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Merchant Navy Day ceremony honours seafarers of both World Wars

The red ensign was flown outside the town hall for Merchant Navy Day on Thursday, September 3.

Held since 2000, the day honours the men and women who kept vital supplies coming into the UK during both World Wars.

It also celebrates modern day merchant seafarers who are responsible for more than 90 per cent of the UK’s imports, including almost half the food the nation eats.

At the ceremony in St Ives Road was the Mayor of the Royal Borough of Windsor and Maidenhead, Councillor Sayonara Luxton (Con, Sunningdale & Cheapside), leader of the council, Cllr Andrew Johnson (Con, Hurley and Walthams) and The High Sheriff of Berkshire, Mary Riall.

Also in attendance, were former seafarers including Ray Williams, 72, who was a Merchant Navy officer from 1964 to 1970.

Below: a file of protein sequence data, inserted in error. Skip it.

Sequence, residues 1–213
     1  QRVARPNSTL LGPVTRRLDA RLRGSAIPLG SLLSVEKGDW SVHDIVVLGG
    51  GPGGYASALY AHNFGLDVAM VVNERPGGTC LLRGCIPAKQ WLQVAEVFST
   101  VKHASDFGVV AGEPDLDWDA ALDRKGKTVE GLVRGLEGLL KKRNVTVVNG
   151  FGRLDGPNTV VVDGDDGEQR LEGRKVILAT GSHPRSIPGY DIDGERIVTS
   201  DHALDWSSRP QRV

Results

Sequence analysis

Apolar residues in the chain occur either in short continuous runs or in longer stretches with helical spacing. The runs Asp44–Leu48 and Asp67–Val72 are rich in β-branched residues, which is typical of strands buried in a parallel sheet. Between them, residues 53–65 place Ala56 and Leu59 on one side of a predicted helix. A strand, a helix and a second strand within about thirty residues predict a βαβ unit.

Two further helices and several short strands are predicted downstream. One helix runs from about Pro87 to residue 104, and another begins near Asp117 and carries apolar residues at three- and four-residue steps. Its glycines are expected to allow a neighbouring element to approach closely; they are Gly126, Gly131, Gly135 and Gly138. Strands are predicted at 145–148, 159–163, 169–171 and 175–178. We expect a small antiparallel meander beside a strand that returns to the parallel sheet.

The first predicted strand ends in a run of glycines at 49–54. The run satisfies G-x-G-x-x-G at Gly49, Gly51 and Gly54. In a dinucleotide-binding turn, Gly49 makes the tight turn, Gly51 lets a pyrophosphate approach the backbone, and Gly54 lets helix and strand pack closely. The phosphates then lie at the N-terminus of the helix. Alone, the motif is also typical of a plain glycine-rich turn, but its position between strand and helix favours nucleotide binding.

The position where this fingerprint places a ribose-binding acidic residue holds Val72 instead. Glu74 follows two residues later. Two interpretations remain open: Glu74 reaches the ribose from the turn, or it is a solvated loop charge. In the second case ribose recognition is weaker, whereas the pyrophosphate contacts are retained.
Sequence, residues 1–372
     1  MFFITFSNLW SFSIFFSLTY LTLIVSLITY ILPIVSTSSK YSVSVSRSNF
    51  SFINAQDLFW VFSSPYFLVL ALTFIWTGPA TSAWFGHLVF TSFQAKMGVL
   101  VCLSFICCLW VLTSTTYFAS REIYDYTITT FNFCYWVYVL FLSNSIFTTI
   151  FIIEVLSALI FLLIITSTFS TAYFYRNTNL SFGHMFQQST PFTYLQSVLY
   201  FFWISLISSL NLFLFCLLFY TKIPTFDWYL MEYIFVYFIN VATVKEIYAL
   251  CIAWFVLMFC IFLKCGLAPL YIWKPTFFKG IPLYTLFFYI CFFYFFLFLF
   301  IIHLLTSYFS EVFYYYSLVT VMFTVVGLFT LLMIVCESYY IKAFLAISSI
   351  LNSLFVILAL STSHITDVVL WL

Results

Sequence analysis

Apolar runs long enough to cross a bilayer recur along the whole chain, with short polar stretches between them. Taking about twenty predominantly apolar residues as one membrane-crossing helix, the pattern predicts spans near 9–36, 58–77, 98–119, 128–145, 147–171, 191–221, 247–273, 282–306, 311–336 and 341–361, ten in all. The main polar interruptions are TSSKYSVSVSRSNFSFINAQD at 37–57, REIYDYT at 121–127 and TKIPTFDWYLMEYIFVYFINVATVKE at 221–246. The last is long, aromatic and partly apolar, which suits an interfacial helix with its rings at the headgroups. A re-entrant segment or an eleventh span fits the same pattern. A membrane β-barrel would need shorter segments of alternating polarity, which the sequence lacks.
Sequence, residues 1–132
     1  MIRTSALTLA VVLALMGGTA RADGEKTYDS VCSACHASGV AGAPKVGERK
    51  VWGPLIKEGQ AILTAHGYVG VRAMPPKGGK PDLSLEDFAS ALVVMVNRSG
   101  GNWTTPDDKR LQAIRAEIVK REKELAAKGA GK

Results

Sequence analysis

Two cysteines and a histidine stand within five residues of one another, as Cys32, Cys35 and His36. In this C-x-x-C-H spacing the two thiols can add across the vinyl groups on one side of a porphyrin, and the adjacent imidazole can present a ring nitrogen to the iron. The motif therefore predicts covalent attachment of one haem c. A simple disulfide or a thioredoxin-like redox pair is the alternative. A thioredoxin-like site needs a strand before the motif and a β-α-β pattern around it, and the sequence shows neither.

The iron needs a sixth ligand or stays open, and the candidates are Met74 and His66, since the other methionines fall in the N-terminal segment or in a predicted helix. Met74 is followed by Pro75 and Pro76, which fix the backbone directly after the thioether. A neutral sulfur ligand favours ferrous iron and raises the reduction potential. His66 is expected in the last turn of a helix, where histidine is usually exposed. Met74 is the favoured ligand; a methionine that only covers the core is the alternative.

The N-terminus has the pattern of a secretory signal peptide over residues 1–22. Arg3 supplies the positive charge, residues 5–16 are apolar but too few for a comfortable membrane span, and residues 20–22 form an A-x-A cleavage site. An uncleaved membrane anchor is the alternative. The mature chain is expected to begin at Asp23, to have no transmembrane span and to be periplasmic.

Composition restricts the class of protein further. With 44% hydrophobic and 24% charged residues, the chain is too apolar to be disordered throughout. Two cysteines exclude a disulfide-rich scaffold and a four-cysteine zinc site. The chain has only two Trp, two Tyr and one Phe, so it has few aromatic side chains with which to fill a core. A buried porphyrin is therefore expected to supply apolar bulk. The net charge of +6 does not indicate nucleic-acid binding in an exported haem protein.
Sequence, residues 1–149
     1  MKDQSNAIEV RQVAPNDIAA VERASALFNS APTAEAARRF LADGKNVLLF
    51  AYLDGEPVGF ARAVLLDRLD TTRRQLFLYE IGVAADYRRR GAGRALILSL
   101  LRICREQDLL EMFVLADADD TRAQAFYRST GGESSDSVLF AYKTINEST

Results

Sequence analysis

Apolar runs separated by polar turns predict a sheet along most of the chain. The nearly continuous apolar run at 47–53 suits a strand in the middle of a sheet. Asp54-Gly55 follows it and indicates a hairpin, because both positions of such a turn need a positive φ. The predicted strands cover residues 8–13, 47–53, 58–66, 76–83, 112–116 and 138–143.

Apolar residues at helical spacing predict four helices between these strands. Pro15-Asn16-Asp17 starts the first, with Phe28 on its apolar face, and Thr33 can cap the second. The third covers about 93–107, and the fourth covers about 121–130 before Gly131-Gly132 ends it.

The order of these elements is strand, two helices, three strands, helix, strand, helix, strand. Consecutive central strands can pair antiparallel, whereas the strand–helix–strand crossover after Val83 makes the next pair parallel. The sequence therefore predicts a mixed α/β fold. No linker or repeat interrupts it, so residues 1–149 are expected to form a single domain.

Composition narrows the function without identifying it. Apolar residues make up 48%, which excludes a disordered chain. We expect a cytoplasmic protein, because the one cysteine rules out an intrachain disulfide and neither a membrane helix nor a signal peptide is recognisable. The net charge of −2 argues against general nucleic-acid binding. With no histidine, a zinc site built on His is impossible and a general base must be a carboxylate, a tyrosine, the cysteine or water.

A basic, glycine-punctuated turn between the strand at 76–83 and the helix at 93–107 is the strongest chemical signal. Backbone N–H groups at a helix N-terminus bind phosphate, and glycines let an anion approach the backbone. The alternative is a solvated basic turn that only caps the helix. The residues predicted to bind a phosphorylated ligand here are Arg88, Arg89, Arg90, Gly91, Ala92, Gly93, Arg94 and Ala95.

Ray said: “At the end of the war [Winston] Churchill said, ‘if it hadn’t been for the Merchant Navy we would have lost
the war’.

“Because what Hitler tried to do, he tried to strangle the country by stopping all our imports, using his U-boats and sinking ships.”

He added: “Food and fuel, they were the most important things, and the Germans knew that if they stopped that coming in, eventually we’d have to give up.”

At the ceremony the mayor made a speech before the red ensign, the UK Merchant Navy’s official flag, was hoisted skyward.

Wreaths were then laid, and finally the chaplain of the Maidenhead branch of the Royal British Legion, Jeremy Harris, the vicar of All Saints Church in Church Close, Boyne Hill, read prayers dedicated to seamen and sailors.

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